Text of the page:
Practical problem-solving

Netbuddy quickly hit a chord, not just with family carers, but professionals too – occupational therapists, health workers, teachers and physiotherapists, all contributing to help people help each other.

“Netbuddy fills a very basic need for practical problem-solving that everybody has,” says Deborah. “We’ve had people writing in telling us that a tip they’ve picked up on Netbuddy has changed their lives. Sometimes it can be a really simple idea, but it might have given them their first full night’s sleep in 10 years or provided the breakthrough in toilet training they’d been desperate for.

And of course when you’re the parent of a disabled person, caring doesn’t end when they become an adult. Netbuddy offers tips for people of all ages, as Deborah points out: “Zach is 20 now, and he’s going through one of the most important stages of his life – the transition from children’s to adults’ services. I value Netbuddy tips now more than ever, and Zach’s new support workers also find them to be an invaluable resource. That’s what Netbuddy is all about – passing on what you have learned to others who can benefit from it.”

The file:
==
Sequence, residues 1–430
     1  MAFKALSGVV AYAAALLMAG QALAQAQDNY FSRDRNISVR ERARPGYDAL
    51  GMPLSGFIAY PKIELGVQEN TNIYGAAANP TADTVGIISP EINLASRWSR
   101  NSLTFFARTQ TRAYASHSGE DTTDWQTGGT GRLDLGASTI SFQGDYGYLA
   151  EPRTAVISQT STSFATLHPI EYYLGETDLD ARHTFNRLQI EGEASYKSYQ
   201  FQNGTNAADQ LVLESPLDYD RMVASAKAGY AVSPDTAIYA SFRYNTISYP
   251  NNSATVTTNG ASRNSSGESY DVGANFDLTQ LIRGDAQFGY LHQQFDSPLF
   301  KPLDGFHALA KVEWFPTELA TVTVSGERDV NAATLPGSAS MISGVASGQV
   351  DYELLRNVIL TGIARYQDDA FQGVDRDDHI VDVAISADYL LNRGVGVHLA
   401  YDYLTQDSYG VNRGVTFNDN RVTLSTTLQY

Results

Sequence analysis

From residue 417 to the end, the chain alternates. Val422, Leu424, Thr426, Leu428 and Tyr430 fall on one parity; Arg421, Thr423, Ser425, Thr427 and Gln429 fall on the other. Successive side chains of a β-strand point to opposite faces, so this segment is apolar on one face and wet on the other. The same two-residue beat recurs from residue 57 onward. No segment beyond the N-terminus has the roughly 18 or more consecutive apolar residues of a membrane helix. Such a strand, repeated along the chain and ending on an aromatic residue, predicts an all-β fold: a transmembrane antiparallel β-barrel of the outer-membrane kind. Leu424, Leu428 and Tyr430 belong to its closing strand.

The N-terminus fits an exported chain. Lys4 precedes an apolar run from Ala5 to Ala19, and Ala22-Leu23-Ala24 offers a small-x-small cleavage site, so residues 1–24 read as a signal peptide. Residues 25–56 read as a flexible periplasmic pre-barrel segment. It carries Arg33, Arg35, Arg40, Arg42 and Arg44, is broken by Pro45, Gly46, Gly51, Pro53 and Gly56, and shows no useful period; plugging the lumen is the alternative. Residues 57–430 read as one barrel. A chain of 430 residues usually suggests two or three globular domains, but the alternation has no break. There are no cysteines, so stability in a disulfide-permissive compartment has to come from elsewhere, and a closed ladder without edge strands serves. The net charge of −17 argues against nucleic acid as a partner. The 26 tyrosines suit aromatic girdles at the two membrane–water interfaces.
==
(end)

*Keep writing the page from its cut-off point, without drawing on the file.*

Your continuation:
In June 2012, Netbuddy and Scope worked together on a national campaign to raise awareness of the issues faced by fathers of disabled children. The campaign was called Dad and Me, and it was to be the beginning of a close partnership between the two charities, who both shared similar goals of supporting disabled people and their families to have fulfilling lives. In January 2014, Netbuddy merged with Scope to become part of the new online community which launches this week.

“This is a really exciting opportunity for us to reach even more people in the same situation as ourselves,” says Deborah. “I know the new Scope community will embrace the essence of Netbuddy and grow from strength to strength, because people in the disability community want to help each other. If they can offer some support or advice that will make someone else’s journey easier, they will.”

“I would just like to say a huge thank you to all our Netbuddy followers and supporters, who have contributed their time, experience and tips over the years to bring us to this point. We couldn’t have done it without you!”

Find out more about Scope’s new online community.